Ranger killed in Afghanistan remembered as compassionate leader with a mischievous streak
By PETE O'CAIN AND REILLY KNEEDLER | The Wenatchee World, Wash. | Published: December 10, 2018
LEAVENWORTH, Wash. — Before deploying to Afghanistan for the third time, Sgt. Leandro “Lando” Jasso often spent Friday nights with his friend, Sgt. Brian Kaniuka, talking about the upcoming deployment.
“I could see the excitement Jasso had for this trip,” Kaniuka said on Sunday. “He was ready to prove himself, but more importantly, he was eager to prove to his Rangers that he was the leader of men that he so deeply aspired to be.”
Early morning Nov. 24, Kaniuka and Jasso were in the Nimruz province in southwestern Afghanistan. Kaniuka approached Jasso after he’d just cleared an objective.
“I can see that patented Jasso smirk on his face and hear the excitement in his voice,” Kaniuka said. “I asked him, ‘You get anybody in there?’ Jasso emphatically replied with ‘Hell yeah.’”
Jasso was killed later that day during a firefight with Al-Qaida. According to NATO, Jasso’s unit, 2nd Battalion, 75 Ranger Regiment, was partnered with Afghan soldiers and one of the those soldiers accidently shot him during a close-quarters battle. He was 25.
Hundreds gathered on Sunday at the Cascade High School gymnasium to remember the Leavenworth native. Many more lined the streets in Leavenworth and East Wenatchee as the procession passed by.
Jasso’s father, Gabe Jasso, his mother, Betty Palmer, and his brother, Esai Jasso, were presented with American flags by the Army at the conclusion of ceremonies.
Kaniuka escorted Jasso’s body home from Afghanistan. Speaking to attendees who filled the gym, he recounted Jasso’s last morning.
“In that moment in that faraway corner of the world, I knew Jasso was exactly where he was supposed to be, doing exactly what he wanted to do,” Kaniuka said.
Jasso enlisted in the Army after graduating from Cascade High School in 2012 and he earned the Ranger designation in 2013. He served as a rifleman from July 2013 to December 2016 and then as an automatic rifleman from December 2016 to November 2018.
His awards and decorations include the Ranger Tab, Combat Infantryman Badge, Expert Infantryman Badge, Parachutist Badge, Army Achievement Medal with one Oak Leaf Cluster, Noncommissioned Officer Professional Development Ribbon, Afghanistan Campaign Medal with Combat Star, the NATO Medal, Global War on Terrorism Service Medal, Army Service Ribbon and National Defense Service Medal.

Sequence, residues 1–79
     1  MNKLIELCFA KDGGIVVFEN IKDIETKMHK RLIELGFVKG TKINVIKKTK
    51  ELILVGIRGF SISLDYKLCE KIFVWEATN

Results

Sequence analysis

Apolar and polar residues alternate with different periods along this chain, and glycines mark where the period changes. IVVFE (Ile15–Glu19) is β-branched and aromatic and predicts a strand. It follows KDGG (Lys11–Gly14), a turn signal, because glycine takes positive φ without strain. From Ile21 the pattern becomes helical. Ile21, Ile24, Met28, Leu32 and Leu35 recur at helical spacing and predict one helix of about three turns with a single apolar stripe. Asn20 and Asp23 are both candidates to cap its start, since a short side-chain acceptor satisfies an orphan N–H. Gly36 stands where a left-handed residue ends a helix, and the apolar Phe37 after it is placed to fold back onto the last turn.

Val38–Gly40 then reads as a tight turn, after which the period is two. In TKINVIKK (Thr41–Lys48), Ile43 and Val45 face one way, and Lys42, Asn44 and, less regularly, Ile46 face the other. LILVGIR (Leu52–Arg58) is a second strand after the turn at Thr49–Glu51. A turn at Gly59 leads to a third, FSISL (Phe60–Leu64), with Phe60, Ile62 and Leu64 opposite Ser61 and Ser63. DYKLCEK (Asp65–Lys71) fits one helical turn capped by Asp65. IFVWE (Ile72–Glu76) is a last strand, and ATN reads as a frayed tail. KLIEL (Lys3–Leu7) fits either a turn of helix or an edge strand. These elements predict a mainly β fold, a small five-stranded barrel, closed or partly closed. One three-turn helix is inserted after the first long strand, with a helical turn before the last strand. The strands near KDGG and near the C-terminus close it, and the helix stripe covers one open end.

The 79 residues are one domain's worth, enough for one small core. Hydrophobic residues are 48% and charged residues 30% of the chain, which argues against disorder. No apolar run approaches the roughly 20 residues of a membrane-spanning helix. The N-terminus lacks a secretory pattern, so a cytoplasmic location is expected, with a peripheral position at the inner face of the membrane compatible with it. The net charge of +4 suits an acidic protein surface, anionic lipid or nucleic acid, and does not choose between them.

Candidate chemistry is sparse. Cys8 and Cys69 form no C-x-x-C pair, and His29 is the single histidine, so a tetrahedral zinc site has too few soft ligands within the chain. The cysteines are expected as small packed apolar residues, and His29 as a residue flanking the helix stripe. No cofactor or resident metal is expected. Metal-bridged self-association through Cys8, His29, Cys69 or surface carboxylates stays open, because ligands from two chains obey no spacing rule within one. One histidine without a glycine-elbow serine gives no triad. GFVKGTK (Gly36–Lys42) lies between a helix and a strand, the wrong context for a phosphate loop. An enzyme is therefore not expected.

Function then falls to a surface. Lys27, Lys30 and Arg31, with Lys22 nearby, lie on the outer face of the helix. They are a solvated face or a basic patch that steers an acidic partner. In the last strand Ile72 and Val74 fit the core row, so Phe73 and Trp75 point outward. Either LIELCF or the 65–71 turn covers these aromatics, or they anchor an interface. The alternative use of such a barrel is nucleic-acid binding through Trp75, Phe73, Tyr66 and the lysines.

He was posthumously awarded the Purple Heart Medal and Joint Service Commendation Medal with “C” device.
But before he was a decorated Ranger, he took English classes from Andrea Brixey at Cascade High.
“Part of the mystery of Lando is how someone who stayed away from crowds and who questioned authority — always — is being remembered today with this giant crowd in an institution with maybe every authority figure in his life present,” Brixey told the audience. “Lando was special.”
Brixey said that in speaking with others in the two weeks since his death she learned Jasso found purpose, something she called “finding your bliss.”
“Lando was an excellent teacher at how to find and follow your bliss because as much as anyone I have ever known, Lando was deep into a love affair with the candle of life that flickers in us all,” Brixey said.
Larry Pierce is the director of the Washington Youth Academy, a quasi-military training school for at-risk high schoolers, which Jasso attended from July to December 2011. He described Jasso as a quiet and humble leader with a mischievous streak.
“As a student, he consistently worked hard and was recognized as a top performer,” Pierce said. “As a leader, he could always be relied upon to get the job done.”
He added, “He led from the front and showed compassion for his fellow cadets in the true spirit of servant leadership. As a follower, his character and selflessness contributed to the success of his squad and platoon.”
Kaniuka, Jasso’s best friend of four years, saw those same traits in him.
“I find peace knowing that you had become the Ranger and leader of men that you’d grown up idolizing,” Kaniuka said. “For the rest of my life, I’ll do my best to live life completely — exactly how you did, Jass.”
He closed with, “Until I see you again, bud, keep some whisky ready for me up there.”